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Choose Appropriate Consequences for Misbehavior

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When You're on the Spot

It's a Good Idea!

Whenever you're applying consequences, take as much time as you need, remember to keep consequences close to the action, do your best, and forgive yourself for making mistakes.

When you're called upon to think up consequences immediately and on the spot use this short, succinct, and highly effective technique called STAR. It was developed by communication expert William Sonnenschein.

STAR stands for Stop, Think, Ask, Respond.

  • Stop: Breathe, calm yourself, take 10.
  • Think: Think about what is really going on, about what your child needs, and about her positive intent.
  • Ask: Here's where you can use active and proactive listening, to get your child's perspective (yes, this step is necessary!).
  • Respond: Apply a consequence that satisfies the 4-Rs.

Letting the Child Decide

Older kids who are experienced in making fun choices (ice cream or cake? Swimming or ice skating?) can start working with you to determine appropriate consequences. Before you start asking your kids to help you determine their own consequences, make sure they've had positive experiences with choice making, and are old enough to understand how consequences work (logical, natural, the 4-Rs, and so on).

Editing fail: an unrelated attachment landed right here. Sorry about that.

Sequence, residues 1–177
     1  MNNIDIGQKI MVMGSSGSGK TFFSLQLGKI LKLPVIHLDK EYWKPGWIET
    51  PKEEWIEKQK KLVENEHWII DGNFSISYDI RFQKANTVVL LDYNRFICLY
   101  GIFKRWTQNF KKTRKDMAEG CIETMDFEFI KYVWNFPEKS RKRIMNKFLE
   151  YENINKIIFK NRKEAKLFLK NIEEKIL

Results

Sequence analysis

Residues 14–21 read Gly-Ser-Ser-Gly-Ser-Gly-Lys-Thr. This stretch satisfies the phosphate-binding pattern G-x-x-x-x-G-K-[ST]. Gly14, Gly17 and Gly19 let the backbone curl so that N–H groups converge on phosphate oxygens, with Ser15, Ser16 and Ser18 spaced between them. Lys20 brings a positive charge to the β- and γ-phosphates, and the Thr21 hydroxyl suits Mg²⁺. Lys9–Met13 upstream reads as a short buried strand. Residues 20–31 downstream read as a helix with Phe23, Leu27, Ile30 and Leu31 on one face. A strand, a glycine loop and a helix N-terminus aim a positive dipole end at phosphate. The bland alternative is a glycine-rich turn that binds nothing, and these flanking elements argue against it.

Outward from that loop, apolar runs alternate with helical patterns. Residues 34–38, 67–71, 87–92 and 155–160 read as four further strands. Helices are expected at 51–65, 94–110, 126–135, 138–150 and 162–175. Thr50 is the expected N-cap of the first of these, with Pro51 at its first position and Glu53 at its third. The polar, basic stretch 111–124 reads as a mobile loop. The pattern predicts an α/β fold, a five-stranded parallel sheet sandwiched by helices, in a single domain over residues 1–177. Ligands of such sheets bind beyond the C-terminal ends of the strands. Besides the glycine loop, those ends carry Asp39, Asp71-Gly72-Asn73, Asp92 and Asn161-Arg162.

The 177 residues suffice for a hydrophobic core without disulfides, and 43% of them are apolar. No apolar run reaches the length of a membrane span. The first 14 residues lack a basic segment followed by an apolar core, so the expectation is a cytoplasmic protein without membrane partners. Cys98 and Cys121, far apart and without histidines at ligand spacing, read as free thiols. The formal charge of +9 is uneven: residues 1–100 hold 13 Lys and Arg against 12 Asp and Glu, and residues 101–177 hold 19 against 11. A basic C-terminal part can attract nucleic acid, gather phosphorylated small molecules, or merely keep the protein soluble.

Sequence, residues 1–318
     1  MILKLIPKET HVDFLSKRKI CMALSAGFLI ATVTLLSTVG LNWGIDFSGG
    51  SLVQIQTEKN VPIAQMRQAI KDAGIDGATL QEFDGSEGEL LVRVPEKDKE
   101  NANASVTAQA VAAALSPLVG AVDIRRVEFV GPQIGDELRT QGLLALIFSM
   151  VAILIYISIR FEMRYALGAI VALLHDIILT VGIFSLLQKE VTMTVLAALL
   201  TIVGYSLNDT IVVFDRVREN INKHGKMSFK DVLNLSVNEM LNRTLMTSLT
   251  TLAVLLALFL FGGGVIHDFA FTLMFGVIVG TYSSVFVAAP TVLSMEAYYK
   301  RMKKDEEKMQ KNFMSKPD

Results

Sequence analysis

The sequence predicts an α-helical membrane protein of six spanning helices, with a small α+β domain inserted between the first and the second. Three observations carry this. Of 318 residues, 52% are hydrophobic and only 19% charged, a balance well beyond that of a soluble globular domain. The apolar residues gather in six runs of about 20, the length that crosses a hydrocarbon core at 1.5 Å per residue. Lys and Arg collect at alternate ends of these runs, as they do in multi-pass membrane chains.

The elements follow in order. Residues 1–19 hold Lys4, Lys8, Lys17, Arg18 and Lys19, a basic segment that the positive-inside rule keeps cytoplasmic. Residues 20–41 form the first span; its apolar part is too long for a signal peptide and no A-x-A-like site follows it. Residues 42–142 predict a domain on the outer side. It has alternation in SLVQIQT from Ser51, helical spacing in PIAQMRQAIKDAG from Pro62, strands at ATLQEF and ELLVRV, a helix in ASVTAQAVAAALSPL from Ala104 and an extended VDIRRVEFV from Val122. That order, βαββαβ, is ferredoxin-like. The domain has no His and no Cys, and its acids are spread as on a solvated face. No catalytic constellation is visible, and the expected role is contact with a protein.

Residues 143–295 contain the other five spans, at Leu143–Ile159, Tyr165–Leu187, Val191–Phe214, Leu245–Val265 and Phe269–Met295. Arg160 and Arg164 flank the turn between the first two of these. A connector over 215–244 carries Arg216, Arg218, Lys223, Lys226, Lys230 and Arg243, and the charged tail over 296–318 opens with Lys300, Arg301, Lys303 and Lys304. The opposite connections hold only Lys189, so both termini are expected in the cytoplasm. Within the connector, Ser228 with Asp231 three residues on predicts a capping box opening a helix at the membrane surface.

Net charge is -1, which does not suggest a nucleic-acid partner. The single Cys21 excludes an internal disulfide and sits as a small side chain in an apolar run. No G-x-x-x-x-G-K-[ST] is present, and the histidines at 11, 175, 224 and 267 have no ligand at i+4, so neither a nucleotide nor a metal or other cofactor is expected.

Avoiding Inappropriate Consequences

There are so many varieties and examples of illogical and inappropriate consequences that I'm a little leery about bringing them up at all. If a consequence isn't natural or logical, if it doesn't fit the 4-Rs and it doesn't teach anything, then it's inappropriate. There's another kind of inappropriate consequence to watch for: the double-dip.

Words to Parent By

A double-dip consequence is a consequence one step removed—a consequence applied because the parent is upset that a child has done something away from home that required somebody else to apply discipline. Double-dip consequences are very common, but highly inappropriate. An extreme example: A child is spanked for “earning” (and getting) a spanking from somebody else: unjust, unfair, and punitive.

Here are some examples of double-dip consequences:

  • Disciplining your child because he was disciplined at school. You can and should talk about what happened, chat about the child's feelings (and your own), and brainstorm ways of avoiding similar situations in the future.
  • Natural consequences often lend themselves to double-dipping. Be wary! People have a tendency to scold or discipline a child for letting a natural consequence occur. If Maurice's favorite toy breaks because he threw it against the wall, it's double-dipping (and inappropriate) for you to scold and berate him for breaking it. He will learn more from the natural consequence if you simply talk with him in a kind, firm way about what happened, how he (and you) feels, and how to avoid the situation in the future.


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Excerpted from The Complete Idiot's Guide to a Well-Behaved Child © 1999 by Ericka Lutz. All rights reserved including the right of reproduction in whole or in part in any form. Used by arrangement with Alpha Books, a member of Penguin Group (USA) Inc.

To order this book visit Amazon's web site or call 1-800-253-6476.


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